oldSTAGER No.100
October/November 2006



Published Novels

Nearest FarAway Place

Chapter 1

Reader Reviews

Prototype Covers

Location Photos


Prologue/Chapter 1

Golgonooza Review

Reader Reviews

Cover Photo Shoot



The Shields Gazette

Readers' Review

Evening Gazette

Prologue/Chapter 1

Photos (Marsden)
Photos (Bill Quay)

Geograph (Marsden)

Geograph (Bill Quay)
Chapter 0/Chapter 1
Photos (Aoraki)
Photos (Tekapo)
Look Magazine

Buy on the Internet

Novels In-Progress

Odd Jobs

Downfall or Destiny?

Panglossian Books

Contact Details

Magazine Articles

Author Reference Links

Marsden Grotto

Bill Quay

Geograph (Marsden)
Geograph (Bricklayers)

Author Maintained  Sites

Barclay Reunions

Cathy Logan


Table-Top Rallying

Tom Hood Reunions

Archival Revival

Ever since I gave up the day job there's a project I've been desperate to tackle computerisation of my rally archives. With a September devoid of competition I finally made a start.

For almost 40 years, rallying has been a large part of my life confirmed by the numerous boxes of paperwork, photographs and press cuttings that had been gathering dust in the loft. Why did I hoard all this stuff? Two reasons. First, I thought it would be potentially advantageous to look back on a previous event's paperwork if I did the event again particularly items like route cards. Second, it was a substitute for a diary I had never got around to writing.

The rest of this article is technically biased, but since most navigators seem to be computer experts these days, take a deep breathe and continue.

There were two basic types of data I wanted to store electronically: statistics about an event, and various documents such as photographs, press cuttings and route cards.

I used to record statistics in a spreadsheet, but since I wanted a more flexible way of organising the data, a proper database was the only route. Which database to use was an easy choice: MySQL. It's free, versatile and many web hosting companies make it available to their clients' websites.

A database on its own is not much use unless you have a convenient means of talking to it. This led me to choose a scripting language I could also use to access the database from a browser. Another easy choice: PHP. Again PHP is free and is the language of choice by hosting companies. There's also a handy third-party PHP tool called MyAdmin. This provides a complete visual interface to MySQL which makes designing and maintaining your database a breeze. However, if you want to craft your own browser-based maintenance and display screens you will need to get your hands dirty with PHP web page programming.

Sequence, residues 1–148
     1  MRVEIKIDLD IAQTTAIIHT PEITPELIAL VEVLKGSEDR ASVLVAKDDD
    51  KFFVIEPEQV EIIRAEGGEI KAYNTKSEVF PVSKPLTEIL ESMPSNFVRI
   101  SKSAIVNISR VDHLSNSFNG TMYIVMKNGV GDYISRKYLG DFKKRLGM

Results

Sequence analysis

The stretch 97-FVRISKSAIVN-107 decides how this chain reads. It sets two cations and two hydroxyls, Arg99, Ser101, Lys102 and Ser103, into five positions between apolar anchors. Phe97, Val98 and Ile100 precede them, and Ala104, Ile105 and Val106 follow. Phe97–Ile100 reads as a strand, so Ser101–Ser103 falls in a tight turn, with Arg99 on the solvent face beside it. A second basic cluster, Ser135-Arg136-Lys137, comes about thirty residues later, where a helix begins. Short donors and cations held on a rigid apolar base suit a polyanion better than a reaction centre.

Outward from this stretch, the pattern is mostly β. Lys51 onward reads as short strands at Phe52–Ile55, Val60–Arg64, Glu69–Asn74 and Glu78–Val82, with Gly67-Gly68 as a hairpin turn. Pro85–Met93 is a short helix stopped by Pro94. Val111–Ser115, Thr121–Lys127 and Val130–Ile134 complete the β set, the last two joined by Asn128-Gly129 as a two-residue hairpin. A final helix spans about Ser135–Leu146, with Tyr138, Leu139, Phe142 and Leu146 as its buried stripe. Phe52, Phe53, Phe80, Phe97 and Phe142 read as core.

A crucial decision for the database is what key to use. I recommend using the start date of an event, since the primary sequence of accessing data will usually be in chronological order. Furthermore, the standard way of storing a date in MySQL is in the format YYYY-MM-DD and, as you will see later, this format will be preferred when dealing with the storage of documents.

What other basic data you store is according to taste. You will probably want the event name, your overall position, driver or navigator, and car details. I also chose to store trivia such as organising club, number of starters, maps used, length of event etc.

A formal database is, however, not strictly necessary. You could hold the basic data for each event in a simple text file, or better, set up a template in Word; although searching and displaying data from such sources will not be so easy to accomplish.

Nowadays much of an event's paperwork will be available as electronic files in .doc, .pdf or .xls format. Older items, and photographs and press cuttings need to be scanned if you want a digital version. The ideal scanned format for documents will depend upon many factors, suffice to say that jpeg is best for photographs, and use reduced-to black and white gifs for press cuttings.

I don't recommend storing digital files inherently in the database, that will make it too unwieldy; instead, keep them as separate files in a "resources" directory. Significant naming of the files is important and needs careful planning.

Here's an example file name: 2006-10-01_RA_CO_PR_MN_Oct-5.gif

The event start date was October 1, 2006. RA says this is a file concerned with rallying. This is obvious from context, but storing all your computer files with a strict naming convention can bring other benefits. CO means COmpetitor ... MA marshal, OF official etc. I use the next two characters to indicate the broad contents of the file; PR is short for PRess cutting, or it could be PHoto, REsults and so on. After that I add free-form narrative to fully qualify the file. In my example I have a PRess cutting from Motorsport News on October 5th. Note that I use an underscore to separate the parts, since spaces in a file name may present problems with some software packages.

In my final solution, I load a web page which allows me to select a driver or year, and then navigate to a particular event. The event page shows the database statistics, a list of appropriate files from the resources directory, plus clickable thumbnails images for the photos and press cuttings.

I've simplified this briefing because of editorial constraints, but there are links to a more detailed version and the products mentioned at http://regular.ity.me.uk.